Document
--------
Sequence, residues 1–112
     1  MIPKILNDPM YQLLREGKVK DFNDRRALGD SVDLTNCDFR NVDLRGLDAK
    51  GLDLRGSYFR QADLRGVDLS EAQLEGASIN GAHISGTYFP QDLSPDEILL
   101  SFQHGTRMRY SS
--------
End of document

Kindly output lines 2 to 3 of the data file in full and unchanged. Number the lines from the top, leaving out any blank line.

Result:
     1  MIPKILNDPM YQLLREGKVK DFNDRRALGD SVDLTNCDFR NVDLRGLDAK
    51  GLDLRGSYFR QADLRGVDLS EAQLEGASIN GAHISGTYFP QDLSPDEILL